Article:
Tanzania Health Promotion Support (THPS) has been screening people for Tuberculosis (TB) in the Coast Region as a way of fighting the deadly infectious disease.
The THPS Chief Executive Officer, Dr Redempta Mbatia, told the ‘Daily News’ in an exclusive interview that at least 105 out of 1239 screened people, were found with TB and underwent treatment for six months.
The revelations were contained in their latest report that covers a period between January and March this year. 1239 were asked five questions as per the national policy guideline instructions during the study.
A questionnaire with 5 questions has been developed and is in use and must be offered to all HIV+ patients be in Care and Treatment Centers (CTC), Preventing Mother to Child Transmission (PMTCT), Voluntary Counselling and Testing (VCT) or any place were patients are tested for HIV.
“What this means is that the region has attained a 99 per cent success rate of screening people with HIV/AIDS to detect TB and that with the remaining 13 people, because of one reason or another, the patients weren’t asked the five questions,” she said. According to the TB/HIV national policy guidelines, all HIV patients are supposed to be screened for TB.
Dr Mbatia explained that when a person is tested positive for HIV/AIDS, they have to be screened for TB because it is the disease that kills most HIV/ AIDS patients than any other. She mentioned the five questions that are routinely asked by medical personnel as whether they sweat above normal at night, if they are coughing blood, if they have lost at least 10 per cent of their weight within a month, if they have had a fever for at least two weeks and if they had a continuous cough for two weeks.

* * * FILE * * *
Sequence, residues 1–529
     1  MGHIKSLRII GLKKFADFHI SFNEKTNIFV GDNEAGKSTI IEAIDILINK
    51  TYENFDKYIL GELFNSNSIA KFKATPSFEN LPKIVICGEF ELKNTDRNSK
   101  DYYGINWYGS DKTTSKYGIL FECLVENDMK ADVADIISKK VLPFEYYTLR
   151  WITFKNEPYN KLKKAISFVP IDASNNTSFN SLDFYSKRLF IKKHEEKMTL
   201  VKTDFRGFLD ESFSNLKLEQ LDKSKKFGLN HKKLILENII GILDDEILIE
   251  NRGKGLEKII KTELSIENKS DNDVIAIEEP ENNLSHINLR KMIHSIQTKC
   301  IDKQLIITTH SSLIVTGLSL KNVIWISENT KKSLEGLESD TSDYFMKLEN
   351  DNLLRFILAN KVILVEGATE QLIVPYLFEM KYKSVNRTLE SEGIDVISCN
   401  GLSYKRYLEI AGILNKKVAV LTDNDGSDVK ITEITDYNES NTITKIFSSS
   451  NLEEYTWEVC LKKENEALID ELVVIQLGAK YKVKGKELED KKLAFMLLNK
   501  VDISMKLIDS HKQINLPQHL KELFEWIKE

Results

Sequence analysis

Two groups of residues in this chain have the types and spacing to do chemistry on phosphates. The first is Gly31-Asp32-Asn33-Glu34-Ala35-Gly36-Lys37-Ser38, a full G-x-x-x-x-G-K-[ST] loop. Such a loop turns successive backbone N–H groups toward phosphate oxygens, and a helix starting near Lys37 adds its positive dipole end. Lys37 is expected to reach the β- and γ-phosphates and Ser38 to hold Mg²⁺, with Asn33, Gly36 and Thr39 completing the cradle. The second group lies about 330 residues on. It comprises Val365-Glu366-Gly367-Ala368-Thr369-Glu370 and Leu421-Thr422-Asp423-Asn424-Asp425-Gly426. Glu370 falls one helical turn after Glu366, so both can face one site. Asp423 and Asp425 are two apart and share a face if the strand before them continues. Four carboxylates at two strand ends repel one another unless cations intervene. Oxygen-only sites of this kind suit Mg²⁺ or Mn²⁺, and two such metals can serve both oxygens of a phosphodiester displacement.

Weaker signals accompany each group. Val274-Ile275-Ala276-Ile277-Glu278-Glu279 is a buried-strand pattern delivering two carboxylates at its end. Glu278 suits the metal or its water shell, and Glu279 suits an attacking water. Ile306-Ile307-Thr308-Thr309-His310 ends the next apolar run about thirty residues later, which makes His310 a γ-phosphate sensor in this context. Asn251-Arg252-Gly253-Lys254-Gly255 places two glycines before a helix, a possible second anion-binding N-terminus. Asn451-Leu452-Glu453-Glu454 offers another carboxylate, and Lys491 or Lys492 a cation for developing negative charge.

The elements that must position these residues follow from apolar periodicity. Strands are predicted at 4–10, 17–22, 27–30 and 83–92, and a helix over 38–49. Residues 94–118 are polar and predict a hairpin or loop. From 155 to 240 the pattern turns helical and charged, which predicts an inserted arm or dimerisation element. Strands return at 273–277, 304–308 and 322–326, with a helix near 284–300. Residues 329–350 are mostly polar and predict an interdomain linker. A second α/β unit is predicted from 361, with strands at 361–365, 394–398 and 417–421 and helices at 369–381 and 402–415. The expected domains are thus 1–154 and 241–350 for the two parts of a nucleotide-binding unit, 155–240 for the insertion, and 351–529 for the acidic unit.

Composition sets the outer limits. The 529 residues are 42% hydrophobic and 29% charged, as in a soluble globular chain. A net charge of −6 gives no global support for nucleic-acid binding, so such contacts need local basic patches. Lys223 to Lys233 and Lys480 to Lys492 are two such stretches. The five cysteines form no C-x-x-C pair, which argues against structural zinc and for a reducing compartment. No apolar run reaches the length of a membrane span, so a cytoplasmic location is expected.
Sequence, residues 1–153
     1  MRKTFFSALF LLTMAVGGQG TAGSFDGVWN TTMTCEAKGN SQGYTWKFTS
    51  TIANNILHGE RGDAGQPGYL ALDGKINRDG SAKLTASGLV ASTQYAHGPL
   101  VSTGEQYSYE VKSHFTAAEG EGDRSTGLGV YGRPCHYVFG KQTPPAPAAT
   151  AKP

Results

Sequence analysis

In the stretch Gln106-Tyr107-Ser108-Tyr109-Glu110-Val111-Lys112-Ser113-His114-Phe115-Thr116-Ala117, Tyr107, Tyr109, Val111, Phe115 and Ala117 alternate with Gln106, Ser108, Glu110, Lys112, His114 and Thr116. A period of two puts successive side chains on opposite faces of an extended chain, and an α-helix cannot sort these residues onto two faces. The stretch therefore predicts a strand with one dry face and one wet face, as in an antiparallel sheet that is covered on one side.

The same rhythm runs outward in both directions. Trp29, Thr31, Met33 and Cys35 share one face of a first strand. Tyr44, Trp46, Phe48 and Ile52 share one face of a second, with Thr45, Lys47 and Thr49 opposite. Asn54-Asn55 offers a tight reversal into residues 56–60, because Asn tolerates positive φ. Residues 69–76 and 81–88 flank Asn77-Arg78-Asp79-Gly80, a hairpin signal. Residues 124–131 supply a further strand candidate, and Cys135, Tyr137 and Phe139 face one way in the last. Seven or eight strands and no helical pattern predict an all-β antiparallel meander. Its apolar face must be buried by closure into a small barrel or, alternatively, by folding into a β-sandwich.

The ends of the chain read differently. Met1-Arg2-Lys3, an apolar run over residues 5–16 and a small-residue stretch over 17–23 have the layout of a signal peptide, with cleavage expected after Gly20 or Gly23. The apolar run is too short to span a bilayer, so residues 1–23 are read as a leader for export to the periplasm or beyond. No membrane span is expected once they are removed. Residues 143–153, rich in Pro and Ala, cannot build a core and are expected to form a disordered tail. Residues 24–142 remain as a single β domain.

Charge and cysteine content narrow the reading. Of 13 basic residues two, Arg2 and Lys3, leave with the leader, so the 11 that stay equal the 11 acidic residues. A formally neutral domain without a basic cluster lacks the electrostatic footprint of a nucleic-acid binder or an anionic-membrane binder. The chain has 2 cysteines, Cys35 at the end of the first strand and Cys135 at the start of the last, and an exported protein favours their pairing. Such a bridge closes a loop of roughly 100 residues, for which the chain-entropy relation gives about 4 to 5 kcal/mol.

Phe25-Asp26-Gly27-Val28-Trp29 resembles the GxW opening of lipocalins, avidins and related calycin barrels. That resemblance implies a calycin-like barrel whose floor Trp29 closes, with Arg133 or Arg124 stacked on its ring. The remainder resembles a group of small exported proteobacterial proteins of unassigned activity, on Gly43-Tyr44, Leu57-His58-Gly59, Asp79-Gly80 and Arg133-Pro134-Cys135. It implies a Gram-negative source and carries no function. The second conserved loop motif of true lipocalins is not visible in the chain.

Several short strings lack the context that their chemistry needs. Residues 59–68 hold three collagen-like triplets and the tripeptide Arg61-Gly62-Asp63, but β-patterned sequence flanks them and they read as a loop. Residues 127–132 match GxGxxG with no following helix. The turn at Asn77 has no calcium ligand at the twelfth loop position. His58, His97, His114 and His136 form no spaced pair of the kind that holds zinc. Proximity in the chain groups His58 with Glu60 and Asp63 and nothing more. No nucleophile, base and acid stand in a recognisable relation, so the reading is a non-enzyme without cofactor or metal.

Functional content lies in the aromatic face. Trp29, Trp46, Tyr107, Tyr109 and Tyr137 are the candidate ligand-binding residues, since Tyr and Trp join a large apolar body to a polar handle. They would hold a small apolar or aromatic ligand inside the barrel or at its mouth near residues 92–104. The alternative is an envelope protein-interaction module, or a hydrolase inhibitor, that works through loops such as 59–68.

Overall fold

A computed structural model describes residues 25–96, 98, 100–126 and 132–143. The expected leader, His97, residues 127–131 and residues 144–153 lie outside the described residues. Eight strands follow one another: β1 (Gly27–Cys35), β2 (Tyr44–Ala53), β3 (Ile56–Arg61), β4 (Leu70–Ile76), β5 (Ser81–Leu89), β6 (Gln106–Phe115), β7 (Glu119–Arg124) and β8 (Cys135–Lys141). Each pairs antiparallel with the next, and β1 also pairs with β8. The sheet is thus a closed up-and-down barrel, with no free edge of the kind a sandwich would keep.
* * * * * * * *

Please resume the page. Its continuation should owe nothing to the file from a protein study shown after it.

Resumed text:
“Medical practitioners working in the Coast Region where THPS supports more than 179 health facilities across seven districts deserve a pat on the back for this achievement, they have not only saved 105 people from the TB but most importantly saved a lot more since TB is very contagious,” she explained.
Dr Mbatia said that during the first quarter of 2012, THPS found that there were many people who had stopped taking ARVs, which was worrying. She attributed the problem to long distances to centres where ARVs are prescribed, superstitious beliefs, fear of stigmatization and believing in magic cures like concoctions administered by once famous Babu of Loliondo.
Coast Region has targeted to ensure that 4013 people receive ARVs by September but statistics show that between October 2011 and March 2012, only 1369 people had been reached. Data further show that none of the seven districts of the Coast Region has reached the 50 per cent mark with Mafia lagging behind with only 24.48 percent while Kisarawe district leads with 38.57 per cent and Bagamoyo trails with 38.23 per cent.
By MASEMBE TAMBWE, Tanzania Daily News